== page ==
Chronic hepatitis B virus (HBV) infection remains a significant public health burden affecting approximately 240 million individuals worldwide and at least 1.2 million in the United States, and is endemic in China where 8-9% of the populations are infected. Chronic hepatitis B (CHB) is one of the leading risk factors of cirrhosis and the deadly liver cancer. Therefore it is important to elucidate the mechanism of HBV persistence and find a cure for chronic hepatitis B. The development of HBV persistence is due to the failure of host immune system to clear the virus infection, and the longevity of the persistent form of HBV DNA genome, which is the covalently closed circular (ccc) DNA in a nuclear minichromosome structure. In this research project, we will set out to elucidate the role of the understudied hepatitis B e antigen (HBeAg) in HBV persistence. HBeAg positivity and high titer reflect the high level of HBV replication and immune tolerance in CHB patients. HBeAg seroconversion is usually considered to be a beneficial milestone and evidence of reduced viral replication. Our preliminary observations revealed the followings: (1) The numbers of circulating monocytic myeloid-derived suppressor cells (mMDSCs) in immune tolerant CHB patients are higher than healthy controls and immune active patients; HBeAg induces the expansion of mMDSCs and the upregulation of immune suppressor molecules including indoleamine 2,3- dioxynase (IDO) in mMDSCs, which in turn inhibit T cell proliferation and IFN-gamma production, suggesting that the HBeAg may induce immune tolerance/suppression through activation of mMDSC; (2) The intracellular HBeAg intermediate (p22), but not the supernatant mature HBeAg, inhibits the activity of interferon-sensitive response element (ISRE) and interferon-stimulated gene (ISG) expression under interferon-alpha (IFN-?) stimulation, suggesting that p22 may blunt IFN signaling to help the virus to evade innate immune response and become resistant to IFN therapy; (3) The nuclear localization of p22 indicates that, reminiscent of the HBeAg homologue HBV core protein which has been shown to bind cccDNA, the p22 may interact with cccDNA minichromosome and regulate its stability and/or transcription. By making use of a battery of HBV-related molecular biology, immunology, biochemistry, and proteomics technologies, and several innovative cell culture tools specially designed for HBeAg and cccDNA studies, we propose to further elucidate the mechanisms of the HBeAg-mMDSC-IDO axis-induced T cell suppression and the intracellular HBeAg-mediated blockage of IFN signaling, and the potential association of nuclear HBeAg with cccDNA and its function will be determined and compared to core protein. The accomplishment of this project will shed light on the mechanism of HBV persistence, and ultimately lead to the development of novel therapeutics to break the virus-induced immune tolerance and reset/reactivate the immune system to clear HBV infection.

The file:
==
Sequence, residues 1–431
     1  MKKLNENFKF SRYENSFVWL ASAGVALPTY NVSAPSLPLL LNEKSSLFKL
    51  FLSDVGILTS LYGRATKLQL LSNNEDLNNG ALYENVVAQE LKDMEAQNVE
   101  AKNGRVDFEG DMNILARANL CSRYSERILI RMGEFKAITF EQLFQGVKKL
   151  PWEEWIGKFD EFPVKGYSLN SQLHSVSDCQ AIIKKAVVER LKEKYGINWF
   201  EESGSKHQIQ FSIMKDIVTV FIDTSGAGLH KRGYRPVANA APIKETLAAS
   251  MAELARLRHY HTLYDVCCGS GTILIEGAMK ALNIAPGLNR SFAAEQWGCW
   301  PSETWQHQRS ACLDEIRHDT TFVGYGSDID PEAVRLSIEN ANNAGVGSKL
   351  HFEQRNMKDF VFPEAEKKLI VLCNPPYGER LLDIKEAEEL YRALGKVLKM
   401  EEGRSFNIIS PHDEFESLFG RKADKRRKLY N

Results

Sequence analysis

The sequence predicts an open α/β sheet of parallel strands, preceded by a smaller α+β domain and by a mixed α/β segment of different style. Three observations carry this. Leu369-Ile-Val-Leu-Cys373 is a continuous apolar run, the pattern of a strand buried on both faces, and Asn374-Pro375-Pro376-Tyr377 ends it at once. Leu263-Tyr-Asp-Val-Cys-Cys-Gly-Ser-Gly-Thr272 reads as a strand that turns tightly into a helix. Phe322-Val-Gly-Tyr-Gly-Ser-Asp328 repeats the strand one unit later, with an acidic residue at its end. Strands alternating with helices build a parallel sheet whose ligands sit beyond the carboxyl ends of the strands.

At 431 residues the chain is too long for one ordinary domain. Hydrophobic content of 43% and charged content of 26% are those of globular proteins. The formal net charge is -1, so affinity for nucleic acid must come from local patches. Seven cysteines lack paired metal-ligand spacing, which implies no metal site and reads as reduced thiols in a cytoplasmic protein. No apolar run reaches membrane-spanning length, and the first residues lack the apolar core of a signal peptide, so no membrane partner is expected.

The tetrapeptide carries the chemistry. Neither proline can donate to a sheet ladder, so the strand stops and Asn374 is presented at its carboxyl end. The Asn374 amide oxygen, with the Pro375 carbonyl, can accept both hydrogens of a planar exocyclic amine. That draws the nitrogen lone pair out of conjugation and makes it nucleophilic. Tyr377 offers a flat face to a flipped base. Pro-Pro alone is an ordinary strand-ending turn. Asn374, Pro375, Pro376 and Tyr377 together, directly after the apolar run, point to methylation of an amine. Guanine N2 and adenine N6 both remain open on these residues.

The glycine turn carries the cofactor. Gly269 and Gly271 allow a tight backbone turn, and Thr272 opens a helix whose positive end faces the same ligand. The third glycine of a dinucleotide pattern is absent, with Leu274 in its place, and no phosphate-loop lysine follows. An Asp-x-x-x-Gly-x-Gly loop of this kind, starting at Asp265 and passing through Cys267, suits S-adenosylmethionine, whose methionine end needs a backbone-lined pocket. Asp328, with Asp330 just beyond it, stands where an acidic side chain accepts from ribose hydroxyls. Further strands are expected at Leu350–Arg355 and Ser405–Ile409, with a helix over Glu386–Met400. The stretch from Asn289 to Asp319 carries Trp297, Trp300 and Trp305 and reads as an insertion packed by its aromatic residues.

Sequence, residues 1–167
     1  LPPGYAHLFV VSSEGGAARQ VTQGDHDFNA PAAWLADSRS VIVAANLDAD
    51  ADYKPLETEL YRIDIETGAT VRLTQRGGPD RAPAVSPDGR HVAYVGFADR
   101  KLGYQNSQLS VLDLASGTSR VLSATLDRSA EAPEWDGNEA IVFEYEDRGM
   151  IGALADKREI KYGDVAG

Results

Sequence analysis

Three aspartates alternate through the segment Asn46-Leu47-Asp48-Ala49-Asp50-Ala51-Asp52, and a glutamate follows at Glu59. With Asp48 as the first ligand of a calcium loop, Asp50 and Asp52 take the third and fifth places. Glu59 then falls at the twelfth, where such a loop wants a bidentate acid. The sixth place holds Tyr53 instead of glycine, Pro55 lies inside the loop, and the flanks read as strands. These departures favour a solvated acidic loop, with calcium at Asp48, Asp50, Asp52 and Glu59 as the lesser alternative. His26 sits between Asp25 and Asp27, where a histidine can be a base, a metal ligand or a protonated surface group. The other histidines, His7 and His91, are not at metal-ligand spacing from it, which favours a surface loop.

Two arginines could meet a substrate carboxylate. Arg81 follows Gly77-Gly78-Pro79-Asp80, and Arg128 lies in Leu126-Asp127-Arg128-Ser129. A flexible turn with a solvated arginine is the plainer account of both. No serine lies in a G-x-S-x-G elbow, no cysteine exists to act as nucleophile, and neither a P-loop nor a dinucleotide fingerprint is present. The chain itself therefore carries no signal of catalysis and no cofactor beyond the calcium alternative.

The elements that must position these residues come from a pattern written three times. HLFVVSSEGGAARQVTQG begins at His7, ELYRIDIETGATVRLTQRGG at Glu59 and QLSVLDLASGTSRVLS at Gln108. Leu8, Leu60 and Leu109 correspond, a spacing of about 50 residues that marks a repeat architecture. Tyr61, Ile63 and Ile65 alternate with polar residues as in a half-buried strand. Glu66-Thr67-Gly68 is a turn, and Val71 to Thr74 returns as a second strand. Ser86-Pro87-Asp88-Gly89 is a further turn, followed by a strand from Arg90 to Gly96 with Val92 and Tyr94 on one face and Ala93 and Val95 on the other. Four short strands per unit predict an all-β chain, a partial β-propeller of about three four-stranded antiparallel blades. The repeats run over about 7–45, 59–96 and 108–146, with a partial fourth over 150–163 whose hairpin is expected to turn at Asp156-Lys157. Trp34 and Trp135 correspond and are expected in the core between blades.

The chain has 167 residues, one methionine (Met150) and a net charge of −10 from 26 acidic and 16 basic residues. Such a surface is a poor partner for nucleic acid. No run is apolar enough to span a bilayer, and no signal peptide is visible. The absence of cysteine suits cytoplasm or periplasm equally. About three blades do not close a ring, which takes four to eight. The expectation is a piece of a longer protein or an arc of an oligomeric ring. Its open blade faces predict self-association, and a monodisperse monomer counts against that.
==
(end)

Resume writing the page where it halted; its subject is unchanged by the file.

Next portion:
Public Health Relevance

Chronic hepatitis B virus (HBV) infection is a substantial public health burden affecting approximately 240 million individuals worldwide. This project is to determine the role of HBV e antigen (HBeAg) in viral persistence, which will shed light on disease mechanism and treatment development. Therefore, our research is highly relevant to the public health interest.

National Institute of Health (NIH)
National Institute of Allergy and Infectious Diseases (NIAID)
Research Project (R01)
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Virology - B Study Section (VIRB)
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Koshy, Rajen
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University of Pittsburgh
Schools of Medicine
United States
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